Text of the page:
- Specifically, for section 5, the community/municipality should utilize their own required terms and conditions in their own version of a terms and conditions document.
- By offering a copy of this sample contract:
In this phase, you will implement your campaign, marketing, and event strategies to launch your overall initiative. It is important that while your campaign progresses, all your team’s activities are tracked and evaluated for impact. As a reminder, continue to use resources from the Campaign Exploration and Campaign Planning sections to implement your events, social media posts, and other outreach activities in order to keep the momentum of the campaign going. Specifically, remember to use the Community Campaign Best Practices Timeline for guidance and lessons learned on running a campaign to best implement your community’s campaign.
The following materials are examples from past Solarize and HeatSmart campaigns that can used to inspire your own marketing and outreach materials to give to residents. Some materials include editable file versions, so you will easily be able to customize them.
- MassCEC Guidance on Branding and Usage of Solarize and HeatSmart Logo – Please review information on MassCEC’s trademarks and guidance on naming your campaign and creating a logo.
- Post Cards
- Lawn Signs
- Door Hangers
- Consider different messaging for different seasons!
- Financial Summary Handout – It may be useful to have a summary sheet available for residents to understand all the incentives, rebates, and tax credits available for them for the selected technologies. The information on this sheet was last updated on 8.6.20 and some incentives are specific to the towns of Mendon and Upton, MA. Please visit the websites listed in the Financial Incentives Section of Step 1 - Clean Energy Technology Training of the Solarize-HeatSmart Tool Kit in order to update the information and customize it for your community.
Tools for Tracking Campaign Progress
The following materials will help you to manage your campaign and track specific data to inform how successful your campaign is at different time periods.
Utilize the Leads List initiated in the campaign planning phase as a basis to transfer the residents interested in specific installers to the Metrics Tracking Template listed below, or one created in collaboration with your installer. Once installers are selected, it is imperative that your team establishes and agrees on a way to track and share leads in case residents are interested in more than one technology, but only contacts one installer.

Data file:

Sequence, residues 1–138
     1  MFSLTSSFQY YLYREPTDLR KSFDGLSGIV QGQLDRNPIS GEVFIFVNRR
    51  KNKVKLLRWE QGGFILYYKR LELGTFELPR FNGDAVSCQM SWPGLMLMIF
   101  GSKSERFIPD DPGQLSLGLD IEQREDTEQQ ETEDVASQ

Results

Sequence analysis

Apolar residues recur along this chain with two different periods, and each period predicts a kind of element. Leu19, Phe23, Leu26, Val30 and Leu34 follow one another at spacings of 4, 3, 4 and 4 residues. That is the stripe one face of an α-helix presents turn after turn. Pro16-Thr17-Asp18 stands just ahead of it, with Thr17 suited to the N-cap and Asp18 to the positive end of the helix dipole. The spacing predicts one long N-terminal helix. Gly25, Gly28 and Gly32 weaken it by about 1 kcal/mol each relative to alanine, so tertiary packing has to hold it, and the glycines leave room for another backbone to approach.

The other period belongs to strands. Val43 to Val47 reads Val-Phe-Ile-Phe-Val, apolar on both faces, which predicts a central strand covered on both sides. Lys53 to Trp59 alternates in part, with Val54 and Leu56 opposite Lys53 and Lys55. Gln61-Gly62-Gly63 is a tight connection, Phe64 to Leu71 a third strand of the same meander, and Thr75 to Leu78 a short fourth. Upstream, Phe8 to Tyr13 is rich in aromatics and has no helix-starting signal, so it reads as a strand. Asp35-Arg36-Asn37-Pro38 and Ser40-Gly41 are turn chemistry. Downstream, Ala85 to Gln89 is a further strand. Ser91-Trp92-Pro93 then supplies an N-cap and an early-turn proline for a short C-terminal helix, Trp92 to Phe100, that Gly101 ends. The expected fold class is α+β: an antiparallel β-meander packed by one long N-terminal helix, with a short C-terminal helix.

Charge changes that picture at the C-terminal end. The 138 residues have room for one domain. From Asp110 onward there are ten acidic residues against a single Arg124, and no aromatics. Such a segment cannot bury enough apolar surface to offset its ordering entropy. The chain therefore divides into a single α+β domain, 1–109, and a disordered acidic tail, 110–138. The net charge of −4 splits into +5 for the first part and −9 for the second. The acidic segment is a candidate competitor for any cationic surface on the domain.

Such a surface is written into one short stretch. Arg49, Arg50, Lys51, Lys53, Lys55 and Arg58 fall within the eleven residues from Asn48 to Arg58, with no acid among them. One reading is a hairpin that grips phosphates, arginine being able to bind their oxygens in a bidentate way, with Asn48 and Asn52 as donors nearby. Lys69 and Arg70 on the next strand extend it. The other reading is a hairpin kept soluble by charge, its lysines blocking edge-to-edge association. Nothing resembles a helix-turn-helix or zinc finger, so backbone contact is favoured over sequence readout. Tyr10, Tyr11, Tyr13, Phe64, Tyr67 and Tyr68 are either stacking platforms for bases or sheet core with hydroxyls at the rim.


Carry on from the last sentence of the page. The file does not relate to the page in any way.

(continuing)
- It is also important for the community team to stay involved with managing the leads and assisting installers with contacting leads if needed. Often a trusted conversation with a campaign volunteer - who is also a resident of the community - can help a potential customer make the decision to move forward with contracting.
Metrics Tracking Template - Establish a form for tracking the number of leads, site visits, contracts, etc. that occur for each installer each week of the campaign. This form is more complex and provides an example for tracking a campaign run in 2 communities with 4 installers – thus you may elect to use this simplified summary version: Metrics Tracking Summary Template.
- Consider making and updating weekly graphs so you can chart your progress and evaluate how your outreach events and marketing activities from each week are impacting your campaign.
Your team may also consider requesting that installers share additional information for signed contracts. It is imperative that you set expectations and agree on how this data sharing process will be implemented before the campaign begins.
After the contract or sign-up period has closed, a common best practice is to have the full team evaluate the success of the campaign by analyzing final metrics to share with your community, holding debrief meetings, and considering future clean energy or climate action initiatives to take advantage of your community’s new knowledge and momentum.
Program Close and Analysis
The following materials will help you gather insights on the experiences of participating residents, the selected installers, volunteer team, and any other stakeholders.
- Resident Survey Template – Send a survey to your entire contact/leads list – that means all residents that have shown interest in the program whether they went through with a contract or not. This way you are able to learn about why or why not residents decided to sign a contract with your installer, the level of knowledge they gained about certain clean energy technologies, and how you could improve the program in the future. This MassCEC example survey can be used as a template to edit and add questions for your community’s survey. We typically use Survey Monkey to build out and distribute the survey, but Google Forms or Qualtrics are also useful surveying tools.
- Community Volunteer Team Survey Template – Send a survey to your community volunteers to learn about the experiences and challenges while working on the campaign to learn how you can better support volunteers in the future. This template can be used to build a survey or facilitate an open conversation between community volunteers.
- Installer Debrief Template – Use this list of debrief topics to facilitate a conversation with your selected installers to learn about their experiences with your community’s campaign and consider opportunities to work with installers in the future.
If you have an interest in running a Solarize or HeatSmart-styled campaign in the upcoming year, and would like to speak with MassCEC for guidance please reach out to firstname.lastname@example.org or email@example.com, and we can set up a time to speak with you!